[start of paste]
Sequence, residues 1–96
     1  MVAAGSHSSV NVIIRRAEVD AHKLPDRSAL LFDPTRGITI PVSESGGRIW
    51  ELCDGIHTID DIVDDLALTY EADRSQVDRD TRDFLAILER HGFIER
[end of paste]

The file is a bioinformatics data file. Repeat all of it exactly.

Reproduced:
Sequence, residues 1–96
     1  MVAAGSHSSV NVIIRRAEVD AHKLPDRSAL LFDPTRGITI PVSESGGRIW
    51  ELCDGIHTID DIVDDLALTY EADRSQVDRD TRDFLAILER HGFIER